Over the years, numerous studies have documented the parasite resistance of the "Native" sheep of the Southeast (Florida and Gulf Coast Natives), including the lack of a periparturient egg rise. These breeds represent a valuable genetic resource to the US sheep industry, as it grapples with ways to combat widespread anthelmintic resistance.
The Florida Cracker is a heritage breed and one of the oldest breeds of sheep in the United States. It believed to have descended from sheep (Churro) brought to Florida during the 1500's by Spanish explorers. After being abandoned by the settlers, the sheep roamed free for centuries, gradually and naturally adapting to the hot, humid conditions of Florida. Other breeds were introduced to "improve" the breed, but most succumbed to the harsh conditions.
In the early 1900's, the Florida Cracker came close to becoming extinct. A flock was established at the University of Florida. A breed association was established in 2007 to save the breed. Despite recovery, the Livestock Conservancy still lists the breed's status as "critical," meaning there are fewer than 200 animals registered in the US and less than 2000 animals worldwide.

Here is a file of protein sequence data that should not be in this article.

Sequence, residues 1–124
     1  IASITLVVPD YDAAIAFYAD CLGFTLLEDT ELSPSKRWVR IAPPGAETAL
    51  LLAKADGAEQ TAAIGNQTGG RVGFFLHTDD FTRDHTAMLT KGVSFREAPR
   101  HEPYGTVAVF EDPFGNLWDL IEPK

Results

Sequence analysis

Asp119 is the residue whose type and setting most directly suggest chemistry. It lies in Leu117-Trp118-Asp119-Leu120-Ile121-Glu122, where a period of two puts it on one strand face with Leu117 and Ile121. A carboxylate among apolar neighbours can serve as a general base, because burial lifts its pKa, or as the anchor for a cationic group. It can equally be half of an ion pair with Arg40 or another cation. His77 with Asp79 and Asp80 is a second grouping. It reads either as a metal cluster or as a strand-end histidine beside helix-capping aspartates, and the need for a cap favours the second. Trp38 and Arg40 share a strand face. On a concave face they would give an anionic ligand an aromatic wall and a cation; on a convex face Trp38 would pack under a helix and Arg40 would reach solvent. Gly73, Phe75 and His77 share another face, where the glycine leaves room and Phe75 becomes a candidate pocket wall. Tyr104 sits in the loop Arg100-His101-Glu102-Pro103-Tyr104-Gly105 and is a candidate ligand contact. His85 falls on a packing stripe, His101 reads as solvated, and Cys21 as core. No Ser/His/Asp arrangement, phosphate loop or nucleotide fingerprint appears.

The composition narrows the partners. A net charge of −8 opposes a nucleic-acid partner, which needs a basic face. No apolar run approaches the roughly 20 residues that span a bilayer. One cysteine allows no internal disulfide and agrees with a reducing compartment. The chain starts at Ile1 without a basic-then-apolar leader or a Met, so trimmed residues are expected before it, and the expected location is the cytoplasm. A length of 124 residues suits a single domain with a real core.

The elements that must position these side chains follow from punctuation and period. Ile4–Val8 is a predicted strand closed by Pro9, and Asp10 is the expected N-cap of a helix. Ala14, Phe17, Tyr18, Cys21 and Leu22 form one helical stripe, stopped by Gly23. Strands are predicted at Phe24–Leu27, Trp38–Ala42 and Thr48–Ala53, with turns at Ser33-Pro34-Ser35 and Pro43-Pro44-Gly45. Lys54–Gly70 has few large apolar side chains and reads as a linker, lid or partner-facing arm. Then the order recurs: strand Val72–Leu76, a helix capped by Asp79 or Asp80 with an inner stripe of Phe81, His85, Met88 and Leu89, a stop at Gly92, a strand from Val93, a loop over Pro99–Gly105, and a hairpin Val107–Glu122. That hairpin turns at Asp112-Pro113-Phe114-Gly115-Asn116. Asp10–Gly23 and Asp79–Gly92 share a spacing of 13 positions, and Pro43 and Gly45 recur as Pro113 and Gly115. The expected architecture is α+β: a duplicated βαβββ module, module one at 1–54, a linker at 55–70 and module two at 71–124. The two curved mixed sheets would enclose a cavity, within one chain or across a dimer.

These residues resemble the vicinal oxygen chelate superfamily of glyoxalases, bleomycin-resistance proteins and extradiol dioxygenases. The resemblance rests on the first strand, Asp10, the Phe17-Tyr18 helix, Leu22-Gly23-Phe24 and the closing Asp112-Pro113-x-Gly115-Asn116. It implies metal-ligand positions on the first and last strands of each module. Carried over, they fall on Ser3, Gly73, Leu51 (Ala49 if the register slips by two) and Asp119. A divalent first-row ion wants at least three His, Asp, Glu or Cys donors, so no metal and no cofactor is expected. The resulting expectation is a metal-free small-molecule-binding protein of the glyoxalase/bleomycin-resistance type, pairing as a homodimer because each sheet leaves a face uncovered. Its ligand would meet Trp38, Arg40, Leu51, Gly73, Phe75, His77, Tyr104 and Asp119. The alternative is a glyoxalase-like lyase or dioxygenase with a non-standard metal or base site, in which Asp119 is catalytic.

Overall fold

The name Florida Native name was changed to Florida Cracker to better reflect the breed's heritage and to differentiate it from other breeds using the term Native. Florida Cracker refers to colonial-era English and American pioneer settlers and their descendants in what is now the U.S. state of Florida (Wikipedia).
Though frequently clustered with Gulf Coast Native sheep, the Florida Cracker is a genetically distinct breed. Because they are a landrace (unimproved) breed, Florida Crackers vary in size and appearance. Their bodies are covered in wool, but their face and legs are clean. They are naturally polled, but scurs are possible. Many sheep show red markings, common to the Tunis.
According to the breed's web site, breed characteristics include: moderate size, high fertility, year-round breeding, good maternal instincts, and good milking ability. The breed's size and parasite resistance makes it well-suited to Florida's rough pastures and sub-tropical climate.
Source: Florida Cracker Sheep Association. Image reprinted with permission of association.
To learn more, go to http://floridacrackersheep.com/.